Singapore 23rd June 2011
History is a great part of any countries culture and very often also a starting block for conceptual design in general. As lighting designers we get cues from history such as shaps, forms, patterns as well as long cultural habits in the use of light. In the past I have been involved as the lighting designer for such historic buildings like the Raffles Hotel, Singapore, Eastern & Oriental Hotel in Penang, but also more cultural edifices like the Sri Mariaman Temple, at the time I did the lighting design about 165 years old.
We learn from the past and need to treat the past, our history, with respect. Many new world countries have been developing their  economies at break neck speed, destroying their historic heritage in the process. It is therefore ebcouraging to see that more and more countries, Singapore and China included, are taking steps to include their past history as an imprtant element of future developments.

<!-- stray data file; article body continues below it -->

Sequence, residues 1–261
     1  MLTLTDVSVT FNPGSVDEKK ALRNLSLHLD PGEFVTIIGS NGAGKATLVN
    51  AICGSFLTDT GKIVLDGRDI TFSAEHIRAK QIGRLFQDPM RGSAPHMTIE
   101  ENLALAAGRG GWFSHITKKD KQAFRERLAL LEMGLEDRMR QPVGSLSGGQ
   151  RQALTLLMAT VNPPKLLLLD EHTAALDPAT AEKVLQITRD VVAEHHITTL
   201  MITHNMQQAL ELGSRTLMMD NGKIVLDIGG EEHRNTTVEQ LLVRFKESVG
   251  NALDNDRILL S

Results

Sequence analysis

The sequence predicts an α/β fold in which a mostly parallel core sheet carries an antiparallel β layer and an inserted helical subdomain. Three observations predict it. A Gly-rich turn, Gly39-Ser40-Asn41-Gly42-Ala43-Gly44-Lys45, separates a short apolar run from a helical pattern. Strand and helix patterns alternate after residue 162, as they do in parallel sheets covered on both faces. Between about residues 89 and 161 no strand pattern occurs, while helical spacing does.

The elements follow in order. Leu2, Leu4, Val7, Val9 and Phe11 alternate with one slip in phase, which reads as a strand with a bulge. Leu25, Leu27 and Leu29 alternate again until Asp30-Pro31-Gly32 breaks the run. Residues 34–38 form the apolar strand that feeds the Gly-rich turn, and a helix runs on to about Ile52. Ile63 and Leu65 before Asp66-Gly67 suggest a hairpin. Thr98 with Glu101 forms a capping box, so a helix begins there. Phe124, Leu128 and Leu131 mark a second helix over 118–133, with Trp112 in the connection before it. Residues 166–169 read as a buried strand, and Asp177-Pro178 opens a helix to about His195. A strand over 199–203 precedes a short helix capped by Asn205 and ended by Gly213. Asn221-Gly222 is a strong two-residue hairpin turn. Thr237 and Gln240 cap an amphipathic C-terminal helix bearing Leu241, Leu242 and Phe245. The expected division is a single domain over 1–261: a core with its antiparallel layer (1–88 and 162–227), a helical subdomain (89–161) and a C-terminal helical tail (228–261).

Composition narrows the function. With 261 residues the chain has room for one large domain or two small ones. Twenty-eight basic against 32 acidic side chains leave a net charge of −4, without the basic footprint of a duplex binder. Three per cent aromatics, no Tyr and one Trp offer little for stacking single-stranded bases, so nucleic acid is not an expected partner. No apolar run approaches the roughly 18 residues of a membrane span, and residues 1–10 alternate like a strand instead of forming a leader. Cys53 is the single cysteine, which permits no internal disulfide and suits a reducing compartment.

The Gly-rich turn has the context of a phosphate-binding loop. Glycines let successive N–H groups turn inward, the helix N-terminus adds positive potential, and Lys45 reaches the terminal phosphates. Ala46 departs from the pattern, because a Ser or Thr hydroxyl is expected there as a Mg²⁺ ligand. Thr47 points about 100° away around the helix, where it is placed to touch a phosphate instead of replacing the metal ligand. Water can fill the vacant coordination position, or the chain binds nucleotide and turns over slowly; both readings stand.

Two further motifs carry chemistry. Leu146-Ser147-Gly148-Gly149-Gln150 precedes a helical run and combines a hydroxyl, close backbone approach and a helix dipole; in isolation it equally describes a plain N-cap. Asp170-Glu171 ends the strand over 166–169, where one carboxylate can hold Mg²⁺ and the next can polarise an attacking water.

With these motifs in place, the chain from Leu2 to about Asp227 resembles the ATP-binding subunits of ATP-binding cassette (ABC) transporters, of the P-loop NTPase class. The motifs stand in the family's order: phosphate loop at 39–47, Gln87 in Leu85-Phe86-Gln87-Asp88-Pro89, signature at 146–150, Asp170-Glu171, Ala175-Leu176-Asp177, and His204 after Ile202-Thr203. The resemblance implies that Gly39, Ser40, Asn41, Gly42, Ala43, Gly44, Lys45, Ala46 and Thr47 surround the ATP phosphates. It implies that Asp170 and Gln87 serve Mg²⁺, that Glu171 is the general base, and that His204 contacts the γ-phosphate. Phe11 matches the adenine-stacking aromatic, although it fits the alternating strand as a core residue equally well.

By the end of this month the one and only railway linking Singapore and Malaysia will be closed for good. The historic line owned by Malaysia is thought to occupy too valuable land and its main station, Tanjong Pagar in down town Singapore stands on prime land. The station will be relocated to Woodlands near the Malaysian border and the land of the railway line redevelopped. But what triggered my thoughts today is that the old railway stations like Tanjong Pagar and Bukit Timah will be inculded in a redevelopment and heritage plans aimed at conserving the history of the rail line. The buildings architecture is typical for the period it was build in and you can still find elements including lighting that represents he flavour of the past.
In Light Watch pictures of the historic Tanjong Pagar railway station, a Ssingapore landmark building that hopefully will find a new lease of life after its redevelopment without loosing too much of its historic past.
Light Watch 116: Tanjong Pagar Railway Station, Singapore

23. June 2011 by Martin Klaasen
Categories: city beautification, light watch, lighting and culture, lighting of the future | Leave a comment

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